Not to Calvin does the world owe the idea or the practice of religious liberty, or even toleration for "he instigated the persecuting laws of Geneva, and he it was who had arrested, condemned, and, roasted, in a slow fire of green wood, the martyr SERVETUS!"

Mosheim, a Lutheran himself, confesses "there were certain sects and doctors, against whom the zeal, vigilance and severity of Catholics, Lutherans, and Calvinists were united. The objects of their common aversion were the Anabaptists." And it has been so from that day to the present.

The sentiments of the Baptists, which were then so disliked by statesmen, clergy, Protestants and Papists, and for which Baptists are to-day everywhere persecuted and oppressed by Protestants and Papists, are thus stated by Orchard:

 

We claim that Baptists were the first assertors of the principle of religious liberty in England. Mr. Williams, in speaking of the times of Cromwell, and the events of that period, says:

 

We maintain, what authentic and received history so abundantly affirms, that Baptists were the first assertors of religious liberty in New England or on the American Continent. The first blood shed on these shores for religious liberty was Baptist blood, and it followed the excoriating lash, driven by Pedobaptist hands, by the order of a Pedobaptist court, under the direction of a Protestant State Church in New England. The last persons imprisoned in America for preaching the Gospel were Baptists. We maintain that Baptists, singly and alone, and in face of the bitter opposition of Episcopalians, Presbyterians, and Methodists, severed the Church and State in Virginia, and abolished all laws oppressive to the conscience, and thus secured in the Old Dominion the triumph of civil and religious liberty. We maintain that America is indebted solely to Baptists, first, for the idea of a pure Democratic form of civil government, and then for having prepared the popular mind by the molding influence of their principles to receive such a government, as well as for its present strength and sole hope of its perpetuity.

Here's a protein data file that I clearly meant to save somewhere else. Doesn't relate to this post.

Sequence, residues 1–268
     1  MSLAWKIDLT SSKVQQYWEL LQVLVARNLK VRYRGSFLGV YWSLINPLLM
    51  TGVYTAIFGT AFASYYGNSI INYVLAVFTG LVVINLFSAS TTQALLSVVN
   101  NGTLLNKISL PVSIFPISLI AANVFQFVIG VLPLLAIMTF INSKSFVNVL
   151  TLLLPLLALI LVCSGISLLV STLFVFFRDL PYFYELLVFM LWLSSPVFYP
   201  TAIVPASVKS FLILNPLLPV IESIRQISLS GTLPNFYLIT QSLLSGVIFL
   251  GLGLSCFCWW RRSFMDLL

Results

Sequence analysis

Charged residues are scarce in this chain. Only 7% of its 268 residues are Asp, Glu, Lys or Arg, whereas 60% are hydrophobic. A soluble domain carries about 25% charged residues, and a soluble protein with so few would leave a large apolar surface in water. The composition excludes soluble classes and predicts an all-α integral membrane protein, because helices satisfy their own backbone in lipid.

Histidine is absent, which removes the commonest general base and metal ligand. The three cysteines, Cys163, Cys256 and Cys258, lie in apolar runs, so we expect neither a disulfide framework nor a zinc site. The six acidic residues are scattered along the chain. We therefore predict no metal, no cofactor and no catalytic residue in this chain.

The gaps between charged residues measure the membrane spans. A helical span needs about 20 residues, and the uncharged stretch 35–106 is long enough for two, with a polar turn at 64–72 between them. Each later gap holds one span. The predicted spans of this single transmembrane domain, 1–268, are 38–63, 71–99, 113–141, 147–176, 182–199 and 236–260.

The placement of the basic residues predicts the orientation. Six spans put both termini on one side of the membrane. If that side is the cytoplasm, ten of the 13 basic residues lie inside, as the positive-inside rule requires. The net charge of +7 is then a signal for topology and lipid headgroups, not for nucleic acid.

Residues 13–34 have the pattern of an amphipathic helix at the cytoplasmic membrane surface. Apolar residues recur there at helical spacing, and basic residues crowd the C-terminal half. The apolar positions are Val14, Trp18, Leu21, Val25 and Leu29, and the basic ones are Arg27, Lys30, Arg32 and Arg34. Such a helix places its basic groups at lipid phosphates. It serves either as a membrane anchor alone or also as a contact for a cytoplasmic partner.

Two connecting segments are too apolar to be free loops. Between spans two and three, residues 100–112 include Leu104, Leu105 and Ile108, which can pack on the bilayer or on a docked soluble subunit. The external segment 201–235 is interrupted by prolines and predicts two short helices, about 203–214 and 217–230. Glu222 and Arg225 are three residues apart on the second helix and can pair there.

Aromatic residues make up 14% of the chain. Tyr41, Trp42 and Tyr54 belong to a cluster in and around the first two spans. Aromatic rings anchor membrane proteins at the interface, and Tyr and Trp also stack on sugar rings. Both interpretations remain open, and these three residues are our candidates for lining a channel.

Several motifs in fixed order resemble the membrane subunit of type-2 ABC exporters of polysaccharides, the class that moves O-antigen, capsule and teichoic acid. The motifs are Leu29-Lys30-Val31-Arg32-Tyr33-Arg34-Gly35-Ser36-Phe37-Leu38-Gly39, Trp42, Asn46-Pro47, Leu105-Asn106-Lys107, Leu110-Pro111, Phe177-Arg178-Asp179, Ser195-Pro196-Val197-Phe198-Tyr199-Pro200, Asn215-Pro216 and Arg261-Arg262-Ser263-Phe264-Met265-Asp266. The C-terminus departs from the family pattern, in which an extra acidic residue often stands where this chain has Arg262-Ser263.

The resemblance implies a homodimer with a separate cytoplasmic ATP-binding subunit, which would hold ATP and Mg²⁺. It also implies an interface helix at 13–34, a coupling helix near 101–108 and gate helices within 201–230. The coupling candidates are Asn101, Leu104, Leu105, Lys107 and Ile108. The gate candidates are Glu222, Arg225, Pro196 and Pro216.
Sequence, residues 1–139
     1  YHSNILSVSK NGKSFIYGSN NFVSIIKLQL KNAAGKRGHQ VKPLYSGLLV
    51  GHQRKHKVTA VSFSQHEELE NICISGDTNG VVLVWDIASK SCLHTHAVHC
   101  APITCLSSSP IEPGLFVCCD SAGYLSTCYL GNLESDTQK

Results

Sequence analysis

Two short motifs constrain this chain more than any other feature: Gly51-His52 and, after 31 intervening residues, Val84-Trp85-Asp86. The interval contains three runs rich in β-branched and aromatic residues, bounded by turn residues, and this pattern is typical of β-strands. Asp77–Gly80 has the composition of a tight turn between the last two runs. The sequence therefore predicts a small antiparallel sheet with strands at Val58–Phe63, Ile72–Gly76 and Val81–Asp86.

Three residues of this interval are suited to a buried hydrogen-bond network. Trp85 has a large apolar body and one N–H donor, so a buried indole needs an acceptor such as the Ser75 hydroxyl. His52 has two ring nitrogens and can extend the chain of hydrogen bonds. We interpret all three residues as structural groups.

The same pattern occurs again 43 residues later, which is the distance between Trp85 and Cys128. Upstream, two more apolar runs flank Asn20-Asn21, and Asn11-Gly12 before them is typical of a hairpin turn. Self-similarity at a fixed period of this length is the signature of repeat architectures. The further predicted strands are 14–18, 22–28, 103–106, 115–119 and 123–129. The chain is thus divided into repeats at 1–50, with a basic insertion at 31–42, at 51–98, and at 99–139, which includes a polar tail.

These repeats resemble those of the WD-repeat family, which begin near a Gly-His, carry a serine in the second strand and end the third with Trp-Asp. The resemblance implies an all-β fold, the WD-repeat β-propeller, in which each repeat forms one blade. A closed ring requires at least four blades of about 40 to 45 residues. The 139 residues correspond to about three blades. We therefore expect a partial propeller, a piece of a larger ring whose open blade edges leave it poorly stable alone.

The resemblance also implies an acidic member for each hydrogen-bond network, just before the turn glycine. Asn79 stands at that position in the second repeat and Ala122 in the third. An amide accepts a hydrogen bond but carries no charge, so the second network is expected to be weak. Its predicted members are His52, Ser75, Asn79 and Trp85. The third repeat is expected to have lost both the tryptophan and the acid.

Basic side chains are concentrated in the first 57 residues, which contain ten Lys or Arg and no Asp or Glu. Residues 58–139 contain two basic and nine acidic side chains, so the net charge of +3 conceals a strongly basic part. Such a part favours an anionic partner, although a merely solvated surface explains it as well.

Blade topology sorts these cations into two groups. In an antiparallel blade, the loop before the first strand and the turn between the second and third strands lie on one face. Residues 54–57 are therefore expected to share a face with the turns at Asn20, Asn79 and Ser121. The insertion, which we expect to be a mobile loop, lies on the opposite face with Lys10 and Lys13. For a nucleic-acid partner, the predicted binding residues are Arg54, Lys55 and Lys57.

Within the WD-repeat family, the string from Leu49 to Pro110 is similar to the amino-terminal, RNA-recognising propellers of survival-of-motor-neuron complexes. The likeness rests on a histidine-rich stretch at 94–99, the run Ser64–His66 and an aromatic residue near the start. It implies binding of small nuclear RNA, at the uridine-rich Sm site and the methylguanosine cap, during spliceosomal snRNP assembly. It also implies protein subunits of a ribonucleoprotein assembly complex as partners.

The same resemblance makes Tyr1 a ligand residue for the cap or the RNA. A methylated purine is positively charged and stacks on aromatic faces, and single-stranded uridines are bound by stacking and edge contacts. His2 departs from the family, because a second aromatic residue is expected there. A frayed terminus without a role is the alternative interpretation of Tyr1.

The following facts were communicated to the Christian Watchman, several years ago, by the Rev. Dr. Fishback, of Lexington, Ky.:

 

Gervinus, the most astute and philosophic historian of his age, in his work entitled, "An Introduction to the History of the Nineteenth Century," says:

 

In his historical "Memoirs of the English Catholics," Charles Butler makes allusion, as follows, to our Baptist fathers:

 

We take a sincere pride in the fact that Baptists were the earliest witnesses for soul-freedom. Others have but followed in their track. They led the way and made it clear to the vision of trampled nations, by pouring out their own blood to make it. This noble blow, struck before all others, in the warfare against spiritual despotism should live for them, in the mind of the world, an enduring monument of hopeful and emulative remembrance. Yet, for our principles, we have been everywhere spoken against. Says Underhill:

 

Says Shelden & Willard:

 

Papists and Protestants have united in the destruction of Baptists.

 

Baptists are still prosecuting their great mission in England and Europe, remonstrating against the iniquitous union of Church and State, and pleading with Protestants to grant universal liberty of conscience in religion.

The British Banner, of July 10, 1850, states that a petition was presented from one hundred and twenty ministers and delegates of the Associated Baptist Churches of Yorkshire, praying for the separation of Church and State, and that the national property, hitherto engrossed by a few sects might be devoted to secular and really useful purposes.

Let monarchists and Papists hate and sneer at Baptists, but, with these facts before their eyes, how can true-hearted American republicans and patriots? With such a history, honored and pre-eminently illustrious as is the very name of Baptist by the glories of such principles and such heroic achievements under such sacrifices, Baptists can afford to bear the odium attempted to be cast upon them by the descendants of those who shed their blood.

 

I can say, in closing this brief review of our principles and history, with a brother "Anabaptist:"